Natural, and Loving It

Cover Story


In ancient times, Africans braided and cornrowed their hair into intricate patterns, some symbolizing wartime, religious conviction or a betrothal. Other styles let the world know that the wearer was a king or a queen.

In these modern times, more and more African-Americans are realizing that their hairstyles are still broadcasting a message to the world. And, increasingly, more are choosing to send a message of freedom -- by deciding to wear their hair in a "natural" style.

Locks. Cornrows. Twists. Braids.

Free of relaxers and other potentially harmful chemicals, those who have opted to go natural say they feel healthier and more at ease with themselves. They believe they have more time, more money. And, most of all, they love the way they look.

"This is your hair in its freest state," says Alycyn Roye, 34, of Pikesville, who decided to stop putting a relaxer in her hair in 2000, and has had dreadlocks for the last three years. "I feel like I'm more natural. I feel uninhibited. I feel really beautiful."

For many in the African-American community, Roye's statement may seem hard to believe. Hair can be beautiful without being chemically straightened? That's not what Grandma -- wielding a hot comb and a jar of hair grease -- would have had us to believe.

"I think when it has been told to you, and you've absorbed [it], that something is better when it's soft and silky and blows through the wind, then it's hard to dismiss that," says Neal Lester, a professor at Arizona State University who is an expert in African-American literary and cultural studies.

For centuries, Lester says, the dominant culture convinced African-Americans -- through books, movies and advertisements -- that their hair needed to be something other than what it was. Sleeping Beauty was blond, not brown-haired. Rapunzel's hair flowed like spun silk down her back; it didn't curl up at the roots or spring back when pulled.

"It's hard to erase those things because those start defining the ideals for us," says Lester, who also is a contributor to a traveling cultural exhibit called Hair Stories.

But more and more, African Americans are discarding that hard-to-attain -- and even harder to maintain -- ideal.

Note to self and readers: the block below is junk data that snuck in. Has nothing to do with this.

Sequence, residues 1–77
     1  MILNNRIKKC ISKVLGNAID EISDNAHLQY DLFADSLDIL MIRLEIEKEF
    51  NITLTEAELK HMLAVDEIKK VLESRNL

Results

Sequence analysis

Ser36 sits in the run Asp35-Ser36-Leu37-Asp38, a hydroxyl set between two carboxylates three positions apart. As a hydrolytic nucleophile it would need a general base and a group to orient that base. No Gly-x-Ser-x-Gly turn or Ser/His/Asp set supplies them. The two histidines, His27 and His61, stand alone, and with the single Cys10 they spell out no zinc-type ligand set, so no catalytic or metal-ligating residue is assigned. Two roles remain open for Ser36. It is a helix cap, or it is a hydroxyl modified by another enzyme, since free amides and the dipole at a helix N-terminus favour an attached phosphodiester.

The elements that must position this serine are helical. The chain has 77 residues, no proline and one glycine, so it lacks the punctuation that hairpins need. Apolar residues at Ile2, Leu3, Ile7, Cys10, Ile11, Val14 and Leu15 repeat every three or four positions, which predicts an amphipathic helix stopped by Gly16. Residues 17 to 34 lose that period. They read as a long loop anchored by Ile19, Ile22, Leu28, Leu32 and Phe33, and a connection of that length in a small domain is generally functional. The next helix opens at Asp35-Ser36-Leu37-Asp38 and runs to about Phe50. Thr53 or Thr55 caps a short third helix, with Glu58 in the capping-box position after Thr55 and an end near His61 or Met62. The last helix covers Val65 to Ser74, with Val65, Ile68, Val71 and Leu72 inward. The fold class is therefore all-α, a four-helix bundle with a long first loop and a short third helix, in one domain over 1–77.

Relaxers and other chemicals, they've found, are drying, damaging and expensive. Some have even found them to be frustrating to use, time-consuming or even harmful to their spirit.

"More people are making more conscientious decisions about natural living, healthy living," says Latavia Ehoize, co-owner of a natural-hair salon on York Road. "It's not a militant, revolutionary type thing like the afros were in the '60s and '70s. This is about 'I'm loving who I am.' Whether it's for spiritual reasons or medical reasons or even emotional reasons, there's something driving them to want to do something different, to do something better."

Ehoize is one of those people.

After wearing her hair relaxed in high school, in what she calls an "attempt to conform," the Western High School graduate decided to cut her hair into a short natural -- a low and tight bush. To her, the decision was a long time coming, and felt right.

"I said, 'It's not about what other people think about whether I'm beautiful,' " she says. "So that was it. I said, 'I'm done [with relaxers].' "

That decision was so freeing Ehoize wanted to share the feeling with others. Today, she and her godbrother, Carmel Allen -- whose long locks have been growing for 13 years -- run Nappee by Nature salon, helping clients both male and female, young and old, learn how to make the transition to unprocessed hair.

In their cozy shop, fingers fly. Over here: kneading and soothing temperamental scalps. Over there: stroking, pulling and twisting coarse and kinky tresses into smooth braids, coils, two-strand twists and locks.

These stylists use natural hair dyes, shampoos and moisturizing products. Aloe and shea butter, tea tree oil. Reggae artist Bob Marley plays in the background. Clients sometimes doze off.

At natural-hair salons across the city, the scene is often the same.

At Utopia's Touch on Belair Road, gospel music plays as natural stylist Robert Young transforms Alycyn Roye's free-flowing locks into an artful bun at the back of her head. At Heritage Hair Braiding, just down the street, Danielle Buckson dozes on her day off as two Senegalese hair braiders furiously braid close to 400 "micro-minis" into her hair.

The atmosphere is relaxing. Self-assuring. Those with natural hair say that feeling is totally different than the feeling they got in traditional hair salons. That's because philosophies in most traditional salon are about change: Straighten your curly hair, add color or a hair weave. Be your favorite celebrity or someone in a magazine.

But natural salons are about "bringing out you," Ehoize says, "the beauty within yourself."

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